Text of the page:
A single Congressman proposed a bill to repeal the Second Amendment in 1993 and 1994.  He was able to garner zero co-sponsors and the bill was never even scheduled for a committee hearing.  There is little indication in public opinion that elimination of the Second Amendment is desired by a majority.  In fact, there is greater support for gun rights today than since 1950.

The Second Amendment is very secure for the foreseeable future. 

The Heller decision is clear, the government cannot ban a class of fire arms in common use for lawful purposes, nor can it impose such restrictions as to make them useless in self-defense (e.g. unloaded or disassembled).

The Court provides further guidance that helps to establish boundaries of action with regard to Second Amendment rights as follows:

Like most rights, the Second Amendment right is not unlimited. It is not a right to keep and carry any weapon whatsoever in any manner whatsoever and for whatever purpose: For example, concealed weapons prohibitions have been upheld under the Amendment or state analogues. The Court’s opinion should not be taken to cast doubt on longstanding prohibitions on the possession of firearms by felons and the mentally ill, or laws forbidding the carrying of firearms in sensitive places such as schools and government buildings, or laws imposing conditions and qualifications on the commercial sale of arms. Miller’s holding that the sorts of weapons protected are those “in common use at the time” finds support in the historical tradition of prohibiting the carrying of dangerous and unusual weapons.

The Second Amendment is a reality that will be in place for the foreseeable future.   

The Supreme Court’s 2008 Heller decision is the law of the land and secures the right to keep and bear arms as an individual right for the foreseeable future.   Heller places significant restrictions on government regulation, but also accepts that regulation that does not prohibit a class of weapons or restrict the functional use of a lawful fire arm in self-defense may be permitted.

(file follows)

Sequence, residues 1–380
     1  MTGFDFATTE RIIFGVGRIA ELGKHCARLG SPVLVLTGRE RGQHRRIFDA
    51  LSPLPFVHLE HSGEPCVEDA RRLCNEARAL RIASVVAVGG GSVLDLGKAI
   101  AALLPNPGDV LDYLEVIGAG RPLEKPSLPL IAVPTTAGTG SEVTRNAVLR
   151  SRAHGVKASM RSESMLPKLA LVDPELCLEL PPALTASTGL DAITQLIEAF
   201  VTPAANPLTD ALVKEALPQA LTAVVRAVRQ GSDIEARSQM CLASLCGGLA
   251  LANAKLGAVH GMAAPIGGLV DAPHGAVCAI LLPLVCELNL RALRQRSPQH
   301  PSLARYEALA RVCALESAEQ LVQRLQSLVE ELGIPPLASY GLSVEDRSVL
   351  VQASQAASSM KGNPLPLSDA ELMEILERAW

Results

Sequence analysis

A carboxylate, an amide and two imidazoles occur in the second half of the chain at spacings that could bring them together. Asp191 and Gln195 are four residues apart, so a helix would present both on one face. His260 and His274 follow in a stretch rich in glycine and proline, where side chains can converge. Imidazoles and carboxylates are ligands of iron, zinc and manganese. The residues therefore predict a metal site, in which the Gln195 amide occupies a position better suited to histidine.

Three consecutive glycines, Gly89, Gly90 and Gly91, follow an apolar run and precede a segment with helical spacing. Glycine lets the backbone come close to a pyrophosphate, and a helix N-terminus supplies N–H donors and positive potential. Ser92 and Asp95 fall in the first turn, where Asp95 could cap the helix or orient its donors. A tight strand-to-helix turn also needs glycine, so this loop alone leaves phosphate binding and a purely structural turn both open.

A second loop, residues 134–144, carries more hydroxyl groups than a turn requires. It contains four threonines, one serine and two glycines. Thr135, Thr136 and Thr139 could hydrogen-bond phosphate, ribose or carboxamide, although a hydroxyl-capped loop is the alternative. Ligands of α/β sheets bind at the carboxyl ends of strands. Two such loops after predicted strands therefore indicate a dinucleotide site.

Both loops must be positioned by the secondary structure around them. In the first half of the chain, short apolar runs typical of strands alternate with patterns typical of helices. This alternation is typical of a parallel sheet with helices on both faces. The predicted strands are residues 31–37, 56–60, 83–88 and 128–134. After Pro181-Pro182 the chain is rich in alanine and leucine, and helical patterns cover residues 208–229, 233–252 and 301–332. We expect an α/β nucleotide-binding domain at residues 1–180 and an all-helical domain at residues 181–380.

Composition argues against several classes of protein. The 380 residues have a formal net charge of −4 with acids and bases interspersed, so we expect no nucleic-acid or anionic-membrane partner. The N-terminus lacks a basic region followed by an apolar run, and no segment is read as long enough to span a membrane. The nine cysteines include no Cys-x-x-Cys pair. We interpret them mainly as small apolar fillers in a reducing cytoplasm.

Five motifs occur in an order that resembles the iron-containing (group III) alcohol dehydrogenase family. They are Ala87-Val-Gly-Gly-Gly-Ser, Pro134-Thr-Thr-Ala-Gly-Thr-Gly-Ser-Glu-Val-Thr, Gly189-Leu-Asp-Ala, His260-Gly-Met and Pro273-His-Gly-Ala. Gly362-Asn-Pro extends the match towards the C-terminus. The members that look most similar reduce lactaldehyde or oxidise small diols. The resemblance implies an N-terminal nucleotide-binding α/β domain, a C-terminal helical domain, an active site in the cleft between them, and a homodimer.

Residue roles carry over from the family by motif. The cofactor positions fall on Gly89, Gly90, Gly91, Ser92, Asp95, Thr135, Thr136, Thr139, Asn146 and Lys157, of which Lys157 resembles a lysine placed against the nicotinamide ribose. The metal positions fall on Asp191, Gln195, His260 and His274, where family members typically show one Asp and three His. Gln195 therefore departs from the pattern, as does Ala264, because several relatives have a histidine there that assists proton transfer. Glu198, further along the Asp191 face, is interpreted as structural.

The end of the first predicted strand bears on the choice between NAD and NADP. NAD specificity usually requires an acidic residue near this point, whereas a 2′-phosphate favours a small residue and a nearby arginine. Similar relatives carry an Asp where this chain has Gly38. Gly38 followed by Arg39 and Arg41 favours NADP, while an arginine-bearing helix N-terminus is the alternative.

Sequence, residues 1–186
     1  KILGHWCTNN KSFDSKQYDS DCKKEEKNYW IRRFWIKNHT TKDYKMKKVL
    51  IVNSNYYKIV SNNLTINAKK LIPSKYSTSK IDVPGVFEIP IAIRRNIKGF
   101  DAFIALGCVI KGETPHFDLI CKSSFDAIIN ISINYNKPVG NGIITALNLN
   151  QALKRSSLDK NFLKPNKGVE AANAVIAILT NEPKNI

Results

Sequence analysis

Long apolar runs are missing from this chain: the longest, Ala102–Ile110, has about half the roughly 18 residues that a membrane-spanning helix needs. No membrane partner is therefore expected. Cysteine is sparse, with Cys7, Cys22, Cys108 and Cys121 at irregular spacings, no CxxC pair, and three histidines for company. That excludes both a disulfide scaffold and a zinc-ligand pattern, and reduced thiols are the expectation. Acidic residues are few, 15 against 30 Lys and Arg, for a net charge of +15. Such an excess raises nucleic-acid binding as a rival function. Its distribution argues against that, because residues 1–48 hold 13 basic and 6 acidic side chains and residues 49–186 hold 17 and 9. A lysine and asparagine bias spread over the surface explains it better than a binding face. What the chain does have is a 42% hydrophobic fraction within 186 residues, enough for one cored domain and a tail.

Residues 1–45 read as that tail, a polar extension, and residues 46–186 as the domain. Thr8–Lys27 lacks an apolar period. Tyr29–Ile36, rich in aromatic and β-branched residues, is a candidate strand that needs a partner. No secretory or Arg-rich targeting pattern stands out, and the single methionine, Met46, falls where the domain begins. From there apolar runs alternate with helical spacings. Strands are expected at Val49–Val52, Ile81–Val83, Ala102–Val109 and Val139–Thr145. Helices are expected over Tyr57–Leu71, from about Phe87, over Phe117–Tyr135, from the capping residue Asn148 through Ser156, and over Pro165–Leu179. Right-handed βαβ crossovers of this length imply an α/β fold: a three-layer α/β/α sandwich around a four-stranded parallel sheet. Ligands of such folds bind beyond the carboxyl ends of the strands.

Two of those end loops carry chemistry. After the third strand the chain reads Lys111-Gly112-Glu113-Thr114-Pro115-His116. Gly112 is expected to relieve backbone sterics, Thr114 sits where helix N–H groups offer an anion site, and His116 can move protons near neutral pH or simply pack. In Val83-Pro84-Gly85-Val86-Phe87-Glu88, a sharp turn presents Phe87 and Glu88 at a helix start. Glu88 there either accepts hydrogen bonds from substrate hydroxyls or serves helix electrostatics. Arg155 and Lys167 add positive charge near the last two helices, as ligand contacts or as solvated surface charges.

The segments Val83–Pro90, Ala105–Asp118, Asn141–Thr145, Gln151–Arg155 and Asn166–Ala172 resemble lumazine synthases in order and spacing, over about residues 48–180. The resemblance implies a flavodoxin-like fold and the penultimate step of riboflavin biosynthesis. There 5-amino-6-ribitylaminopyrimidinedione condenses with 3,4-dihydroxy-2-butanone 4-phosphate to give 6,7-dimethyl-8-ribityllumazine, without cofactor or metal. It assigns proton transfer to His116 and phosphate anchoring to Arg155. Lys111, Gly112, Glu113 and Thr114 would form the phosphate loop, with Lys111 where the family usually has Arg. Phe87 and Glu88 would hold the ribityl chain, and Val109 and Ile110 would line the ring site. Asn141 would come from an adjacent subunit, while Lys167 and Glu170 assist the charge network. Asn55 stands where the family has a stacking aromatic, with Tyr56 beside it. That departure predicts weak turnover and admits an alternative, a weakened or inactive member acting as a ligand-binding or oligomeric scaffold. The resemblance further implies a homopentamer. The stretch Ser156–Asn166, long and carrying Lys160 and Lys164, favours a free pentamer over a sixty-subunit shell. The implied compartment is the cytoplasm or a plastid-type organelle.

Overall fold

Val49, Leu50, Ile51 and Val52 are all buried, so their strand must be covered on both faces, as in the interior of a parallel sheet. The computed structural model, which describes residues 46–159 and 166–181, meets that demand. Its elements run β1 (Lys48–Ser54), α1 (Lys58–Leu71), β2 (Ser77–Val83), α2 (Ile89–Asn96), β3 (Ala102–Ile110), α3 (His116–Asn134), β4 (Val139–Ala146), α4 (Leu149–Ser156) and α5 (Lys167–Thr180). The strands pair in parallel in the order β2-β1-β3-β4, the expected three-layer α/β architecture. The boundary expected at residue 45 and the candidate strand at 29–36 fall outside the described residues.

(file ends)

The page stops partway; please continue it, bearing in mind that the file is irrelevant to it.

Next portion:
The Fourth Amendment will constrain intervention

The Fourth Amendment to the Constitution was adopted by Congress on December 15, 1791 as part of the Bill of Rights.  It states, “The right of the people to be secure in their persons, houses, papers, and effects, against unreasonable searches and seizures, shall not be violated, and no warrants shall issue, but upon probable cause, supported by oath or affirmation, and particularly describing the place to be searched, and the persons or things to be seized.”

During a recent meeting in the White House to discuss actions in response to the Parkland shooting a proposal was made to seize fire arms from dangerous individuals.  Vice President Mike Pence commented, “Allow due process so no one’s rights are trampled, but the ability to go to court, obtain an order and then collect not only the firearms but any weapons.”

President Trump responded, "Or, Mike, take the firearms first, and then go to court."

The president could have a point when there is what is called an “exigent circumstance.”  Criminal procedure law allows law enforcement when people are in imminent danger, evidence faces imminent destruction, or a suspect’s imminent escape to take certain actions without obtaining a warrant from a court.  But this will be the rare case.

The primary direction many states are taking to intervene before a mass public shooting can occur is to seize fire arms from individuals deemed dangerous by a court.   These Extreme Risk Protection Orders (ERPO) are to be issued by a court following a filing by police or some other entity typically defined within the law.